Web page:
Normalizm (feat Lorenzo Dada - Nitin & Down 2 remix) - (5:58) 122 BPM
Review: Jonny White returns with a track that somehow manages to be minimal in feel yet boast the kind of sumptuous production that only comes from years of production experience. The Live Reversion is a far pacier take made for eyes-down, small-hours dancefloor action, while rerubs from Damian Lazarus and Clive Henry see both producers doing their thing in style, Lazarus taking us down an arty, abstract path while Henry serves up a cavernously deep, dubby pass for the darker rooms. Between the four mixes, it's hard to imagine many DJs that wouldn't be able to find a mix that works for their floors.
Review: Jonny White's No.19 Music has been doing some great stuff in recent years, such as by fellow Torontonian (and former partner in crime in Art Department) Kenny Glasgow, label co-head Nitin and the legendary Satoshi Tomiie. It's now over to Russian tech house hero Tripmastaz, who follows up great releases on Ovum, Unique Trax and his eponymous imprint with more adventures in swing on the While U Pretend, We Make History EP. Featuring the heads-down back room dub of "Dimaggio's Black Hole", the deeply hypnotic bounce "Mr Ohh" or the super trippy shuffle of "Dreezy Benz Dubb" which reshapes classic garage rhythms for today's dancefloors so effectively.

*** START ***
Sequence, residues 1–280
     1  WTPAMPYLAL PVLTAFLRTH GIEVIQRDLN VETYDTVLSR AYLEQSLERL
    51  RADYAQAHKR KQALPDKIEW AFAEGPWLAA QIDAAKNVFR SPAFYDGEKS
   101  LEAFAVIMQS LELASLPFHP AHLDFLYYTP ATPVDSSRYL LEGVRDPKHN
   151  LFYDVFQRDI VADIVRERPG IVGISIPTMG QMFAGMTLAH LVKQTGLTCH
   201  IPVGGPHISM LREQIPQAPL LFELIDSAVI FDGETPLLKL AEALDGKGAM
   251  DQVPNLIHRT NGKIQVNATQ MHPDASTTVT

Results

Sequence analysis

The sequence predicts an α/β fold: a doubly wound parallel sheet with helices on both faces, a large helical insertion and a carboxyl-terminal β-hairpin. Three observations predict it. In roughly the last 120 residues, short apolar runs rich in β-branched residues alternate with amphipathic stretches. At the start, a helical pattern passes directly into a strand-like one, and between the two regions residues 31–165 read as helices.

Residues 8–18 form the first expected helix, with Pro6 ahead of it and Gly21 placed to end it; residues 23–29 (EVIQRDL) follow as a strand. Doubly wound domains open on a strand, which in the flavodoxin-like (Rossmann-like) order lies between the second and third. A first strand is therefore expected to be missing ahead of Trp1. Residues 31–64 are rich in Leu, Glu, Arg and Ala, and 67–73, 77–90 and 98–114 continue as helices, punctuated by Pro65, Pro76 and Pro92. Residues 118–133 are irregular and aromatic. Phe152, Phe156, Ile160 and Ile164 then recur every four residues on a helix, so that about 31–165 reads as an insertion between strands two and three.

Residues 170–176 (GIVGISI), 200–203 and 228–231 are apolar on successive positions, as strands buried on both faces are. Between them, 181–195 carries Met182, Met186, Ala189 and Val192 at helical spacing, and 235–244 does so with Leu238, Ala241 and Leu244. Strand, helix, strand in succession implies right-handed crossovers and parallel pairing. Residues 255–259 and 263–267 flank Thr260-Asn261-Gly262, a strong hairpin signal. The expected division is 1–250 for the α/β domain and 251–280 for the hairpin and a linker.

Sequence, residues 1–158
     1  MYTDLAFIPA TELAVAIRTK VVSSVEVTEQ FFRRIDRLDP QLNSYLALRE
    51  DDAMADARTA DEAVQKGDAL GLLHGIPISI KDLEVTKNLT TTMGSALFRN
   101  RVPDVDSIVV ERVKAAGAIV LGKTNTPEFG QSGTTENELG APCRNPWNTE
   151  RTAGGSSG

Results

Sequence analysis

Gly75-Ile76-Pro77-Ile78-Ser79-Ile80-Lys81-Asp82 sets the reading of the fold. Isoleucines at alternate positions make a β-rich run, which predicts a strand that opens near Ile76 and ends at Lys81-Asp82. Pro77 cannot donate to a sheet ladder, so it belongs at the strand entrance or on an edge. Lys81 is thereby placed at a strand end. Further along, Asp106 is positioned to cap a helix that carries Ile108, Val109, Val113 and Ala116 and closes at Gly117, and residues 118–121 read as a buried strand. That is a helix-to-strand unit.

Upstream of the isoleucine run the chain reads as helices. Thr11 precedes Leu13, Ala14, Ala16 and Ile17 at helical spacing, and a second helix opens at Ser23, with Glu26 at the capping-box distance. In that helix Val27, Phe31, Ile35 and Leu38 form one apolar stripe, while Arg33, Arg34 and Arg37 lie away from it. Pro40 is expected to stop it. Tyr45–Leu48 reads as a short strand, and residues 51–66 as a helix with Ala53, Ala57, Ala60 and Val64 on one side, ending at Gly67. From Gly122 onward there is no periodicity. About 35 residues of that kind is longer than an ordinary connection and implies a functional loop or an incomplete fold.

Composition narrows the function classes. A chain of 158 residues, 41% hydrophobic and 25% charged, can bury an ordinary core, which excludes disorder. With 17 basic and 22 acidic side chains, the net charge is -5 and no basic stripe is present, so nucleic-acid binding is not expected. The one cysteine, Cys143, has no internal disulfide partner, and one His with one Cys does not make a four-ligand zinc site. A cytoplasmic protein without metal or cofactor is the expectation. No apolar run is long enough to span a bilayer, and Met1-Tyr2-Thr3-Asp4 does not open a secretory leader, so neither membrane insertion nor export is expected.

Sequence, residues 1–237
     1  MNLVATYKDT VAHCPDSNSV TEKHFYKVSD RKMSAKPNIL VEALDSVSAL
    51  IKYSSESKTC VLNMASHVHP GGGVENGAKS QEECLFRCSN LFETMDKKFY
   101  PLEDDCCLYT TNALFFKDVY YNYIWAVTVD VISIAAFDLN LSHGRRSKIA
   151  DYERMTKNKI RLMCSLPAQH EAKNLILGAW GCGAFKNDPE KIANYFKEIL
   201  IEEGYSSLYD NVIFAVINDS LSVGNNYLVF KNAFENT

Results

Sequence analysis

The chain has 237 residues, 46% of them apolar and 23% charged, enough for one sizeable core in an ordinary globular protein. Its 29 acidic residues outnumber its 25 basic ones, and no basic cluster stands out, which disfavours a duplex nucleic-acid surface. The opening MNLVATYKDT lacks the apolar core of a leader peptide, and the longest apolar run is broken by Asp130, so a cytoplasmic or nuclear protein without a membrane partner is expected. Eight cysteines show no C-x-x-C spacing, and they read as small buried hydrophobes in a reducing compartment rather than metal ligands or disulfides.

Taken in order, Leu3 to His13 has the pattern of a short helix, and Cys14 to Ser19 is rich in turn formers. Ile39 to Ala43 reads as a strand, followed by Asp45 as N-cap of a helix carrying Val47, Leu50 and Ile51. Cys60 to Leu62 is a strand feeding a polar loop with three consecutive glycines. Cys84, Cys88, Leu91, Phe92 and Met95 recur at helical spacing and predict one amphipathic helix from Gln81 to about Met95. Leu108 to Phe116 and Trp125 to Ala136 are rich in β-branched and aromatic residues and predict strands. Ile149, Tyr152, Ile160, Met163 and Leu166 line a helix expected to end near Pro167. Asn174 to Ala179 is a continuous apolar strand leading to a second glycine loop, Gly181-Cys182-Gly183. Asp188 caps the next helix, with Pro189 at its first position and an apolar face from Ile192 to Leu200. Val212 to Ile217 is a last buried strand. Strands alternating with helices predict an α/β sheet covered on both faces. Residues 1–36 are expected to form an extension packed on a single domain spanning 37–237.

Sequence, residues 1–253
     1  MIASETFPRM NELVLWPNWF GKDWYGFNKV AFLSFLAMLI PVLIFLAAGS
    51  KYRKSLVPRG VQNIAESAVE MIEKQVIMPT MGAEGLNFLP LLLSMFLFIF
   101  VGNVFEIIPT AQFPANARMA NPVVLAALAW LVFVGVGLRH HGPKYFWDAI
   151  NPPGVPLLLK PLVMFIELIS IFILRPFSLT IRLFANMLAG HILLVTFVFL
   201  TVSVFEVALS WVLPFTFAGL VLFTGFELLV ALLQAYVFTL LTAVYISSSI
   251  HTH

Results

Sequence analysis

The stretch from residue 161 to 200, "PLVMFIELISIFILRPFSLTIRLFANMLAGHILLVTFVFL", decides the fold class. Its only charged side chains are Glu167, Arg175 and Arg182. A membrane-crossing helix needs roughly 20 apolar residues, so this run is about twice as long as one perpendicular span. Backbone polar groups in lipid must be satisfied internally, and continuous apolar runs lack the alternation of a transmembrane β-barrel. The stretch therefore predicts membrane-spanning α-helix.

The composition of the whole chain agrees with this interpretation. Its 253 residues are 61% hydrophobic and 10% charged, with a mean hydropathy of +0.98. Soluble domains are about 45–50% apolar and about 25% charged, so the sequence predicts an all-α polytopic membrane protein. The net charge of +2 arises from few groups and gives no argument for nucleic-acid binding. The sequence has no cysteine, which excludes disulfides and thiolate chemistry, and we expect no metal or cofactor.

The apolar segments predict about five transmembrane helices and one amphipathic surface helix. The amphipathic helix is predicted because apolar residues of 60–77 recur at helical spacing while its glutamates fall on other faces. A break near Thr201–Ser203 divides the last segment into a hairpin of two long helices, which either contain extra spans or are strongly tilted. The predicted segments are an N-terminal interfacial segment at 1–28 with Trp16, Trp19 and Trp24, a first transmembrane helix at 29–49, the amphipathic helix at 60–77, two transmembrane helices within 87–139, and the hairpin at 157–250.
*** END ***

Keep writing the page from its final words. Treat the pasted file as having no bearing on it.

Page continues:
Review: For the first time in 2018, Canadian duo Kenny Glasgow and Jonny White don the Art Department alias and head for peak-time dancefloors. They begin with "Sour Jazz", where drowsy woodwind and brass samples tumble down over fizzing drum machine beats and thrillingly squidgy analogue bass. There's more of a muscular feel to the chunky, boompty-driven bump of "721" - think Derrick Carter via Sound Factory - while closer "Roots Deep", which boasts a preaching spoken word vocal from Roland Clark and contributions from Todd Terry, is a sleazy, acid-flecked late night delight blessed with some especially alien synth lines.